“There is still a significant tranche of funds on our books to roll at the new higher rates.”

The RBA board next meets to decide on interest rates on November 2. The RBA’s cash rate stands at 4.5 per cent, having last increased the rate by a quarter of a percentage point in May.

Pond drained in search for Aussie girl

Authorities searching for the body of Australian girl Zahra Baker began draining a pond near her father’s workplace on Wednesday, while her stepmother remained in custody after appearing in court.


Authorities worked late into Wednesday night to drain the pond near a property owned by Real Tree Services, the tree trimming company where Adam Baker, Zahra’s Australian father, is employed, The Charlotte Observer reported on its website.

Adam Baker and his wife Elisa, who is Zahra’s American stepmother, remain suspects in the disappearance of the 10-year-old girl, who authorities believe has been murdered.

She was reported missing from her home in Hickory, North Carolina, on Saturday.

Elisa Baker appeared in court on Wednesday charged over a fake ransom note, while Adam Baker was reportedly on the scene as authorities searched for his daughter’s body on Tuesday.

About 15-25 investigators were working past nightfall on Wednesday in cool, damp weather to drain the pond, CNN reported.

The pond is next to the bushland owned by Real Tree Services that police and cadaver sniffing dogs searched on Tuesday night.

The search included inspections of mulching machinery and large piles of wood chips.

Zahra’s father frequently worked there hauling loads of wood and brush to be fed into a wood chipper and turned into mulch, witnesses told CNN.

Adam Baker was on the scene during the Tuesday night search aimed at finding his daughter’s body, Burke County Sheriff John T McDevitt told CNN on Tuesday night.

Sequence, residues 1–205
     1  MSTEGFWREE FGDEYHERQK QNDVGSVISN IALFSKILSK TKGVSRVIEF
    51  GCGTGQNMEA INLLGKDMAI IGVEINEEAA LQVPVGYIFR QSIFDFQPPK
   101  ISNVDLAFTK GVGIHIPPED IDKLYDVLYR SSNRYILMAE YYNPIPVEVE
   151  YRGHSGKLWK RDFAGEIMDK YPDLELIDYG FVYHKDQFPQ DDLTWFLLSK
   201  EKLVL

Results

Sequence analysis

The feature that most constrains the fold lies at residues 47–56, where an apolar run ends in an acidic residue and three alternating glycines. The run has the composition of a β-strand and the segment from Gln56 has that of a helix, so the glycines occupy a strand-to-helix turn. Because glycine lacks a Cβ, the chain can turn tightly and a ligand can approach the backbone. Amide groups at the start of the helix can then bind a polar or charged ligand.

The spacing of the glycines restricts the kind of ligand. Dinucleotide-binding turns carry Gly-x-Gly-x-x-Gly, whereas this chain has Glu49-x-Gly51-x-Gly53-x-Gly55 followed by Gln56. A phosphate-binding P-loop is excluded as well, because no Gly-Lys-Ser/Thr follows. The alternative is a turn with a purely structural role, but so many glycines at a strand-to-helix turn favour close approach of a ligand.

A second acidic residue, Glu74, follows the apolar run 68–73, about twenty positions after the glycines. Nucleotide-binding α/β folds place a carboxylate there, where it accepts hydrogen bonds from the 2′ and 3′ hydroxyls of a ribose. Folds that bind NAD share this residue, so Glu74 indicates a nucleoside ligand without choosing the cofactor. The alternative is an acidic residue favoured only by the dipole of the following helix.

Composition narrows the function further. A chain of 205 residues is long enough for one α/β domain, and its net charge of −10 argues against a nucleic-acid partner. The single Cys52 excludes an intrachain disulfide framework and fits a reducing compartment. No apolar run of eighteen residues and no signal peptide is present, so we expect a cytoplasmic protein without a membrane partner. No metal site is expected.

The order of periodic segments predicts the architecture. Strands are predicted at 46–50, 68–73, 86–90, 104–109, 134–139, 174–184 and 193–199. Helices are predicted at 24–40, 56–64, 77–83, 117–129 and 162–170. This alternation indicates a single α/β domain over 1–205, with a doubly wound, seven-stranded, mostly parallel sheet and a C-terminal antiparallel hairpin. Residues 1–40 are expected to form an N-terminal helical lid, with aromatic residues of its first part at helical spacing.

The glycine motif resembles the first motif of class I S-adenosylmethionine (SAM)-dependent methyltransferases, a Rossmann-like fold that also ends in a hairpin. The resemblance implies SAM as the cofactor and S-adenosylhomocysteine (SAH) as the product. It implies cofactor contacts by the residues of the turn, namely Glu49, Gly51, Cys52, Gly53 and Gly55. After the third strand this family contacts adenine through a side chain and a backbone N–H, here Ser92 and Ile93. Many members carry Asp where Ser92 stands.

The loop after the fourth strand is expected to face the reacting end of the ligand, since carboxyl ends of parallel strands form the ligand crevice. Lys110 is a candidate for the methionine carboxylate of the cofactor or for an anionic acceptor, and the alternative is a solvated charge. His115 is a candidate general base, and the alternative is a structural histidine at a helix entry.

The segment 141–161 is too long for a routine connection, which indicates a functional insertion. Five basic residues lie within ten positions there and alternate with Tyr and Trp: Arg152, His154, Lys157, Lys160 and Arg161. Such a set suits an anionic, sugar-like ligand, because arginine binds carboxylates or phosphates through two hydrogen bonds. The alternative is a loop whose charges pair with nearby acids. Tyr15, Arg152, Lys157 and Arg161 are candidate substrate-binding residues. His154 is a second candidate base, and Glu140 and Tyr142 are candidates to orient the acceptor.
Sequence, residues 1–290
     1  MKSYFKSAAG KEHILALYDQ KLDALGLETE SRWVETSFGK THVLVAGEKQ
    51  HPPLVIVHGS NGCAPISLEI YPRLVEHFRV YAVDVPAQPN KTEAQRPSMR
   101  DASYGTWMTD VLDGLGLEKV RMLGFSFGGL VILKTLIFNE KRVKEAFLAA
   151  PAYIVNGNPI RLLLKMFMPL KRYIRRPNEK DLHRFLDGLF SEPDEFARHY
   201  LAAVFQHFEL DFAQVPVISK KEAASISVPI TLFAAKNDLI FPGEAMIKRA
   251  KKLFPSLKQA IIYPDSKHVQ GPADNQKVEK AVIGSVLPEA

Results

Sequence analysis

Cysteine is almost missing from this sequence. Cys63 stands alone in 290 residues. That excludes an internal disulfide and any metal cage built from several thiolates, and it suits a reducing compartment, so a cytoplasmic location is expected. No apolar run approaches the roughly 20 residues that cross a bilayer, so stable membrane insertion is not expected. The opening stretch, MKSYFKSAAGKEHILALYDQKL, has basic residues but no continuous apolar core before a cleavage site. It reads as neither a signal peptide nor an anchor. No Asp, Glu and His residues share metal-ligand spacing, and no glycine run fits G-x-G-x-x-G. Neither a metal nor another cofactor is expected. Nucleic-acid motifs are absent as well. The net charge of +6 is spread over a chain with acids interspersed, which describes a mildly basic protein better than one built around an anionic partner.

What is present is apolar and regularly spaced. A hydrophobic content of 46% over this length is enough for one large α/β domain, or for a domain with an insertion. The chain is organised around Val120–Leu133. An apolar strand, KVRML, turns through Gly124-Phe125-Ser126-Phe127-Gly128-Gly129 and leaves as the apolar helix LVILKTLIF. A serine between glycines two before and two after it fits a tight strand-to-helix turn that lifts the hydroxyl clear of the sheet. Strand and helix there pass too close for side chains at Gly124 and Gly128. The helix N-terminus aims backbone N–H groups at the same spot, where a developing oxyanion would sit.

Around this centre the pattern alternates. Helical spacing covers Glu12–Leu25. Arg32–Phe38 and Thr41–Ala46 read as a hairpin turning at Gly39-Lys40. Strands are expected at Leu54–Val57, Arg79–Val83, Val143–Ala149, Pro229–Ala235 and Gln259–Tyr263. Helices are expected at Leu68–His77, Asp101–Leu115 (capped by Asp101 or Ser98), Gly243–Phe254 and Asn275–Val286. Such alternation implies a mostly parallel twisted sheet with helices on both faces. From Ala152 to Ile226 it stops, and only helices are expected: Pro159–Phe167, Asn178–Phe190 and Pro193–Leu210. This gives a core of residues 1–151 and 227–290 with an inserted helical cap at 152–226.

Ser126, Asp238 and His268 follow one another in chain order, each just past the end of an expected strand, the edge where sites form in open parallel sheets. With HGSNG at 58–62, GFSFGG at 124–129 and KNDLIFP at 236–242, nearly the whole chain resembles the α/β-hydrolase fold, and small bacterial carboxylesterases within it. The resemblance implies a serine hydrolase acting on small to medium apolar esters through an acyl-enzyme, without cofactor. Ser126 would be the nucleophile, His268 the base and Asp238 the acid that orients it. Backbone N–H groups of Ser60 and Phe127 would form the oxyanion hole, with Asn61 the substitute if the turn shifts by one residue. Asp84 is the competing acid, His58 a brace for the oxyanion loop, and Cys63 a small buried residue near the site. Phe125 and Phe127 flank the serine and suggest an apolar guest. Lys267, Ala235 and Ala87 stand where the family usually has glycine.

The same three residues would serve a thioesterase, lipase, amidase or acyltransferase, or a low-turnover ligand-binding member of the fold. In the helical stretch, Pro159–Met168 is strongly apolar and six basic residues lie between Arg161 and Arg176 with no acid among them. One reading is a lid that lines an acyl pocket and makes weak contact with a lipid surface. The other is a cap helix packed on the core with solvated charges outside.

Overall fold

“He seems concerned,” Mr McDevitt said.

“But I don’t know how sincere his concern is.”

Meanwhile, Elisa Baker, appeared in a US court on Wednesday, facing an obstruction of justice charge for writing a fake ransom note demanding $US1 million.

The note was found on a car windshield at the family’s home in Hickory, North Carolina, at the weekend, before Zahra was reported missing.

Elisa Baker remains in custody on $US40,000 bail and her lawyer, D Scott Reilly, told the court he planned to file a motion to have the bond amount reduced in an attempt to win her release.

When judge Gregory Hayes asked Elisa Baker if she understood the charge against her and if she had any questions for him, she replied in quiet “yes” and “no” answers.

Mystery continues to surround the disappearance of Zahra, who had her lower left leg amputated five years ago after a battle with bone cancer. The cancer also resulted in Zahra needing hearing aids.

Lieutenant Becky Weatherman of the Burke County Sheriff’s Office said the lack of specifics on where to look was making the search more difficult, the Observer reported.

“It’s very hard,” she said. “Especially if (someone) buried underground or you don’t know where exactly to look.”

The FBI has been called in to assist local police with the search and conduct any needed laboratory work.

Hickory locals held a candlelight vigil for Zahra outside East Hickory Baptist Church on Wednesday night.